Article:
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Online PR News – 18-December-2009 – – Caribbean 2009-10: Trouble In Paradise

Braced For The Worst In 2009/10

Given the small, open nature of the regional economy, we believe that the Caribbean will suffer a prolonged period of economic recession – far worse than the downturn witnessed during the post-September 11 tourism slump. We are projecting regional real GDP growth of -2.5% and -0.3% this year and next, but warn that the risks remain skewed to the downside should global demand destruction hurt the Caribbean’s key industries – specifically, financial services, real estate and tourism – more than currently anticipated. As economic activity cools and unemployment rates start to grind higher, there is a risk of widespread public disgruntlement, which could lead to increasing protests, provoke an already-fragile security environment and erode the popularity of governments across the board. In this Special Report, we assess which countries are likely to suffer most as a result of the acute external headwinds, and which are best placed to recover once the global dust settles. ( )

With none of the major countries in the Caribbean facing general elections this year, we expect a measure of political stability in 2009. Having said that, local authorities will have their work cut out to curb the growing violent crime problem that has plagued the region in recent years. According to preliminary figures, Jamaica and Trinidad & Tobago both suffered their bloodiest year on record in 2008, registering homicides of 1,600 (62 per 100,000) and 549 (42 per 100,000) respectively. While both governments have outlined a more dynamic security policy framework going forward, we believe that the crime issue will remain a major problem for policymakers going forward.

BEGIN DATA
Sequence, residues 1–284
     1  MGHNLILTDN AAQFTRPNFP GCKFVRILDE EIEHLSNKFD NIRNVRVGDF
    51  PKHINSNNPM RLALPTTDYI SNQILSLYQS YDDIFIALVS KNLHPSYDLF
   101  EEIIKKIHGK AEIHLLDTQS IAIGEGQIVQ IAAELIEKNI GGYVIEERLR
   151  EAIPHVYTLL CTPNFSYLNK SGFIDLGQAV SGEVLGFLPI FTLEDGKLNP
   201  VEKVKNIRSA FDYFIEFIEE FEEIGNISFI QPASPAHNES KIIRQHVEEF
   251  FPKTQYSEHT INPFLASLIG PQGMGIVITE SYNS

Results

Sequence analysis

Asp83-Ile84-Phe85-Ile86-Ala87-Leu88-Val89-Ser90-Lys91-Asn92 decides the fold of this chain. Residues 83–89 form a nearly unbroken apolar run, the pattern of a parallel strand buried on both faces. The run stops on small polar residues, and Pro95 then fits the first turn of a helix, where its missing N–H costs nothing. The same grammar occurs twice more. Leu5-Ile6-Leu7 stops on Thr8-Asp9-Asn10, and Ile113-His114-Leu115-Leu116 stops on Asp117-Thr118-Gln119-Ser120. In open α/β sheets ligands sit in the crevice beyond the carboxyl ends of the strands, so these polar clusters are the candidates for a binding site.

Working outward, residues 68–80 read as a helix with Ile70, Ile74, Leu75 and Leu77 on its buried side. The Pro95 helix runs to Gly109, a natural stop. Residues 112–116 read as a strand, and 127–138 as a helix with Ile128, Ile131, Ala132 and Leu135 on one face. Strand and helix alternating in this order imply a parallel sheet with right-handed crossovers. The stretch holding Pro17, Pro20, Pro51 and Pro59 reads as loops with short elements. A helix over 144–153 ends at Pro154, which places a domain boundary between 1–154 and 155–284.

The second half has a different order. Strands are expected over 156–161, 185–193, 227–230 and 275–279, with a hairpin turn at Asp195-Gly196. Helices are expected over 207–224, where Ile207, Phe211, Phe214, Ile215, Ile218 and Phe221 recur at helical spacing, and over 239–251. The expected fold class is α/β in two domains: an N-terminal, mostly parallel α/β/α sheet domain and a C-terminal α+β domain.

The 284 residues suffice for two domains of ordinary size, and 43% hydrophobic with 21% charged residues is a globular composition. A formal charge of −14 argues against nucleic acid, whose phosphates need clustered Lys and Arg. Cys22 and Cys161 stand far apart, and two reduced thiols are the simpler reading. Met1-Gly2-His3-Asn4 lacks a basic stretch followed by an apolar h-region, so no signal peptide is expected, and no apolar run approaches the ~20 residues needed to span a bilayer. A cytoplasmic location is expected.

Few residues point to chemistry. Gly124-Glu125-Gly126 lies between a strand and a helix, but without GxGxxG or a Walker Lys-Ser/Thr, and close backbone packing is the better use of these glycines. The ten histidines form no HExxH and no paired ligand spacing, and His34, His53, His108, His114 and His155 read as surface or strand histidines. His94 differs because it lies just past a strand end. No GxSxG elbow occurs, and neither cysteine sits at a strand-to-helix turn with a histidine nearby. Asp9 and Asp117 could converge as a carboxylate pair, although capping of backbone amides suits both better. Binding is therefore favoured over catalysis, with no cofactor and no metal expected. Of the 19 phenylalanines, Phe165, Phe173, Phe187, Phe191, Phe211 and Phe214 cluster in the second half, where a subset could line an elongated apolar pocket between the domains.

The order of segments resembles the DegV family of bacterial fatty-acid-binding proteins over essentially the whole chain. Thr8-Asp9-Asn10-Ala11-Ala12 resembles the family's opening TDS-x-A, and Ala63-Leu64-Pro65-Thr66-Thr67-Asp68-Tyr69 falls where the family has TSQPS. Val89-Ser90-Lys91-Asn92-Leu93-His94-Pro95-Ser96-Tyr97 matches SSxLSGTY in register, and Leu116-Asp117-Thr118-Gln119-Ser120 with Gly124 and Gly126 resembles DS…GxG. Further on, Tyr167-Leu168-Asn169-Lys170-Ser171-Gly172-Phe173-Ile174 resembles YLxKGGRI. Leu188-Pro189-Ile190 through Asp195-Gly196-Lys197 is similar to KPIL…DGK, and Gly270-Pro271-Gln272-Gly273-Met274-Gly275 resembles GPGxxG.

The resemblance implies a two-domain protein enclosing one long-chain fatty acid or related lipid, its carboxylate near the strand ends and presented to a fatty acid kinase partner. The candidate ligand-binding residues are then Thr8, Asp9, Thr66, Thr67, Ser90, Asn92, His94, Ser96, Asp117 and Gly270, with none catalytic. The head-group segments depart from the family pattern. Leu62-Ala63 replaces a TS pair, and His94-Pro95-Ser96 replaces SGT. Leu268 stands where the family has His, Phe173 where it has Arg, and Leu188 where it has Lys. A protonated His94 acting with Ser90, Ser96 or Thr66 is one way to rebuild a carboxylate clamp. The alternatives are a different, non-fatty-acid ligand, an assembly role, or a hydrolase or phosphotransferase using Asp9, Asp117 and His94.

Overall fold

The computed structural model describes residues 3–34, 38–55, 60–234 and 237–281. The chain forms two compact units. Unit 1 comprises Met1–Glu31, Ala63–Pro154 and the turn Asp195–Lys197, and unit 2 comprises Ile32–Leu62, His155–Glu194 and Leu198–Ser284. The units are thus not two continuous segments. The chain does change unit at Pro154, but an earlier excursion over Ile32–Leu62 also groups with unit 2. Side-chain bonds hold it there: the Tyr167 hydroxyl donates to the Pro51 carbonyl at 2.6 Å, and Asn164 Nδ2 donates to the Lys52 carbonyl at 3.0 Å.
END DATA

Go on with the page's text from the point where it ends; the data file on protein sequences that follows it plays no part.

The economic outlook in the Caribbean is gloomy, with much of the region staring down the barrel at recession. Few countries, if any, will remain unscathed, with only Trinidad & Tobago out of our ‘big six’ (including Puerto Rico, Guyana, Barbados, the Dominican Republic and Jamaica) projected to register positive growth in 2009. The main risk is a deeper and more protracted recession in the US and UK – two developed world markets which are vital for the influx of tourism, remittances, and financial services earnings into the region.

The government bailout of Trinidad & Tobago’s financial giant CL Financial Group and the Stanford Group scandal have sent shockwaves across the Caribbean financial system. Given the exposure of the firm to a wide array of industries across the regional economy, the resilience of the Caribbean banking sector could come under pressure in 2009. Add to the mix the likely weakness of offshore financial hubs (such as the Cayman Islands) due to the precarious position of developed world hedge funds and Washington disapproval over regulatory frameworks, and we caution that the outlook for Caribbean finance looks sombre.

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